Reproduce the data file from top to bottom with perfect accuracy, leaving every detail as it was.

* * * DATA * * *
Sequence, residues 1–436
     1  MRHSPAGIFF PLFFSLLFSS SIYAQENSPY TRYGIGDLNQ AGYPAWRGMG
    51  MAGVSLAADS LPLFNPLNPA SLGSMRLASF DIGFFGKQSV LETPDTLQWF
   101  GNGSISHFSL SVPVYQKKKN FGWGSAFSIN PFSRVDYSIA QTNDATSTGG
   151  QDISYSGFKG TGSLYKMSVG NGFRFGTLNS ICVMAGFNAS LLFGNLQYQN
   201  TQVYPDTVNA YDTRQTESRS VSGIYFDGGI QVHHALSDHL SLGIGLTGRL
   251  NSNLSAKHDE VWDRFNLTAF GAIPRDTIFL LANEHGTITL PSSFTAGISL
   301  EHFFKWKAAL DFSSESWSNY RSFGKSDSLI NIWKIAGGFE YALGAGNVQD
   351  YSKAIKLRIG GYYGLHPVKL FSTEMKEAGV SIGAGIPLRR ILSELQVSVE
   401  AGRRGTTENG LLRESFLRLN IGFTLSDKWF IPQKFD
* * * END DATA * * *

Sequence, residues 1–436
     1  MRHSPAGIFF PLFFSLLFSS SIYAQENSPY TRYGIGDLNQ AGYPAWRGMG
    51  MAGVSLAADS LPLFNPLNPA SLGSMRLASF DIGFFGKQSV LETPDTLQWF
   101  GNGSISHFSL SVPVYQKKKN FGWGSAFSIN PFSRVDYSIA QTNDATSTGG
   151  QDISYSGFKG TGSLYKMSVG NGFRFGTLNS ICVMAGFNAS LLFGNLQYQN
   201  TQVYPDTVNA YDTRQTESRS VSGIYFDGGI QVHHALSDHL SLGIGLTGRL
   251  NSNLSAKHDE VWDRFNLTAF GAIPRDTIFL LANEHGTITL PSSFTAGISL
   301  EHFFKWKAAL DFSSESWSNY RSFGKSDSLI NIWKIAGGFE YALGAGNVQD
   351  YSKAIKLRIG GYYGLHPVKL FSTEMKEAGV SIGAGIPLRR ILSELQVSVE
   401  AGRRGTTENG LLRESFLRLN IGFTLSDKWF IPQKFD